Report on Etna (Italy) — 12 February-18 February 2014
Smithsonian / US Geological Survey Weekly Volcanic Activity Report, 12 February-18 February 2014
Managing Editor: Sally Kuhn Sennert
Please cite this report as:
Global Volcanism Program, 2014. Report on Etna (Italy). In: Sennert, S K (ed.), Weekly Volcanic Activity Report, 12 February-18 February 2014. Smithsonian Institution and US Geological Survey.
37.748°N, 14.999°E; summit elev. 3295 m
All times are local (unless otherwise noted)
INGV reported that Strombolian activity continued at Etna's New Southeast Crater (NSEC) and slightly intensified on 12 February. An unstable part of the lower E flank of the cone that collapsed on 11 February continued to produce small collapses and reddish ash clouds. Lava continued to flow from the cone towards the Valle del Bove, and by nightfall had reached the base of the steep W wall of the valley, then advanced on the flat land to the N of Mount Centenarians. Strombolian activity continued during 14-15 February. Lava emissions declined, but produced lava flows a few hundred meters long. At 1208 on 15 February an explosion generated a vapor-and-ash plume, and was then followed by more explosions from the same area. During the afternoon a small lava flow emerged from a new vent at the N base of the NSEC cone. The flow traveled 100 m towards the W wall of the Valle del Bove, and remained active the next day. During 16-17 February Strombolian activity continued to produce small quantities of ash. Lava continued to flow from the vent at the base of the cone.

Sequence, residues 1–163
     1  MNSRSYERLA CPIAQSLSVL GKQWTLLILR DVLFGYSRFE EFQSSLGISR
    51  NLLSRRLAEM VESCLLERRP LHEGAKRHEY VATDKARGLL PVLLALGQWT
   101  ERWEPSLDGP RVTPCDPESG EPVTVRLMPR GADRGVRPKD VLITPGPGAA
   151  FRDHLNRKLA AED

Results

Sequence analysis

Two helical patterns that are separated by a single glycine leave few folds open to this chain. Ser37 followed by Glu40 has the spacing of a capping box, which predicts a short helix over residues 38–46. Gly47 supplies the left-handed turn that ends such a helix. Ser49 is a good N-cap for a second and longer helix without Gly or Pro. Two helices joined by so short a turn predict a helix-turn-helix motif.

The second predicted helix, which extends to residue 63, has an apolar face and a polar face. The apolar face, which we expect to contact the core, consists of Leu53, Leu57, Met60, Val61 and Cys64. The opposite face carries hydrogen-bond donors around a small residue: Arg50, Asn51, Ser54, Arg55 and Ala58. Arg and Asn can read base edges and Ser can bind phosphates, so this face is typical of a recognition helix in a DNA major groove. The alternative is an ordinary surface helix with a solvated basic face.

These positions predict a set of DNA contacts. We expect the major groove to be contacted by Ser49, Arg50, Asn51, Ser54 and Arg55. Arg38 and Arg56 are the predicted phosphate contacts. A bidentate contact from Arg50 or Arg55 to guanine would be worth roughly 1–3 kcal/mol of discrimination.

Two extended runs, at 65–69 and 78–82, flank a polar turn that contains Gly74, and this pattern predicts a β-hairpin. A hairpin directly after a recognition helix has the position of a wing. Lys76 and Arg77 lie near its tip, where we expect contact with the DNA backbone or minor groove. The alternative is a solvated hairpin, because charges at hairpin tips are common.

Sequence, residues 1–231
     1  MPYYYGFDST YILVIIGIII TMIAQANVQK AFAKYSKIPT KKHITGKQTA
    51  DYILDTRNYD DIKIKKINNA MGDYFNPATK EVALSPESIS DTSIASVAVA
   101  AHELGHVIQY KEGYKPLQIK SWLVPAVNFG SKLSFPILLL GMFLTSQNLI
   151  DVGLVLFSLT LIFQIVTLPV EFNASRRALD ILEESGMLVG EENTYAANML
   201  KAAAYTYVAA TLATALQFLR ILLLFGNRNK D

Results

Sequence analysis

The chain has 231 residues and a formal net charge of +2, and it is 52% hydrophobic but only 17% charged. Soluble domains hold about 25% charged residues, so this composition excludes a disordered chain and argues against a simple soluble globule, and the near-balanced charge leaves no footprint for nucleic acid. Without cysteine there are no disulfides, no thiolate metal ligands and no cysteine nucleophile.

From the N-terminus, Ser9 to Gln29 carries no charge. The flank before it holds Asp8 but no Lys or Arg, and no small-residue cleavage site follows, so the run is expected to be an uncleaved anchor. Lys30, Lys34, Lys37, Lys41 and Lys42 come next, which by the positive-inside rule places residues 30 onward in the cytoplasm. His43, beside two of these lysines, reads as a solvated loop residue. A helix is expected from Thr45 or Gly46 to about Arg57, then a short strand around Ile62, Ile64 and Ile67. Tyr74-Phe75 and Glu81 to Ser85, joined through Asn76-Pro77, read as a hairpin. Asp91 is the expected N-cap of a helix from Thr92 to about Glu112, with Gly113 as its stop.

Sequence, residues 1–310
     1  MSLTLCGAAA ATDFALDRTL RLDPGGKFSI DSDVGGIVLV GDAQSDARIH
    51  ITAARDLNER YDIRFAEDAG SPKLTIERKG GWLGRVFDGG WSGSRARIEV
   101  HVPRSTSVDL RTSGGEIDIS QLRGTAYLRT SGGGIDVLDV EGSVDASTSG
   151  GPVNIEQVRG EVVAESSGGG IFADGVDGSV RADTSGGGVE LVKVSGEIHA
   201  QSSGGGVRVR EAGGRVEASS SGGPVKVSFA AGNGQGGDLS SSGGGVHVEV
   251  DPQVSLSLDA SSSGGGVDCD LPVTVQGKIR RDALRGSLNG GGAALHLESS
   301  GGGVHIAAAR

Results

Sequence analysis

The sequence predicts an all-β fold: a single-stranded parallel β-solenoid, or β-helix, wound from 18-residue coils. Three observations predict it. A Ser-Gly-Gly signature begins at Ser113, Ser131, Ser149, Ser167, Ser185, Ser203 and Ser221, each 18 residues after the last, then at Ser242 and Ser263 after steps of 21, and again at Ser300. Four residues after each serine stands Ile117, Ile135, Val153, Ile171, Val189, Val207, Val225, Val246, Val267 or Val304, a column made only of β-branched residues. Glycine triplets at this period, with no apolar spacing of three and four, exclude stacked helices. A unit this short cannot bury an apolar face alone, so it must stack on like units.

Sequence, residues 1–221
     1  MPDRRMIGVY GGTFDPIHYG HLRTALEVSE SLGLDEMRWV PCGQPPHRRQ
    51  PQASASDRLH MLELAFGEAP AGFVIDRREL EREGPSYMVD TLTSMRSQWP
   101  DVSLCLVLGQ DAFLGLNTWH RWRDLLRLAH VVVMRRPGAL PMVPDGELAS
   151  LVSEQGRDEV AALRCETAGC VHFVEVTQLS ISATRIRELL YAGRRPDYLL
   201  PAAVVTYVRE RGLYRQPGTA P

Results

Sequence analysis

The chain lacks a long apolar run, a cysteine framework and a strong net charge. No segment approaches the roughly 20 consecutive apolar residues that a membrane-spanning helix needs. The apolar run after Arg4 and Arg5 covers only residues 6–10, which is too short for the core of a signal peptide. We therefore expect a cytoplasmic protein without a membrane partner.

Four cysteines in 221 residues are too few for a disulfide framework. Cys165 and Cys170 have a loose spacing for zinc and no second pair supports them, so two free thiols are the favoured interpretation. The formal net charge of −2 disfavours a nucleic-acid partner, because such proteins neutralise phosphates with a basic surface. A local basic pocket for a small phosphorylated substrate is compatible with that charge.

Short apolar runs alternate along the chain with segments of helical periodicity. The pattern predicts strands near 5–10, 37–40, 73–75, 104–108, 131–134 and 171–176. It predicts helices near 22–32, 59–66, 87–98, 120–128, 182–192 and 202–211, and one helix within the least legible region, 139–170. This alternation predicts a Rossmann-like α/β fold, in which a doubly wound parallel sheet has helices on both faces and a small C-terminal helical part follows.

Geologic Background. Mount Etna, towering above Catania, Sicily's second largest city, has one of the world's longest documented records of historical volcanism, dating back to 1500 BCE. Historical lava flows of basaltic composition cover much of the surface of this massive volcano, whose edifice is the highest and most voluminous in Italy. The Mongibello stratovolcano, truncated by several small calderas, was constructed during the late Pleistocene and Holocene over an older shield volcano. The most prominent morphological feature of Etna is the Valle del Bove, a 5 x 10 km horseshoe-shaped caldera open to the east. Two styles of eruptive activity typically occur, sometimes simultaneously. Persistent explosive eruptions, sometimes with minor lava emissions, take place from one or more summit craters. Flank vents, typically with higher effusion rates, are less frequently active and originate from fissures that open progressively downward from near the summit (usually accompanied by Strombolian eruptions at the upper end). Cinder cones are commonly constructed over the vents of lower-flank lava flows. Lava flows extend to the foot of the volcano on all sides and have reached the sea over a broad area on the SE flank.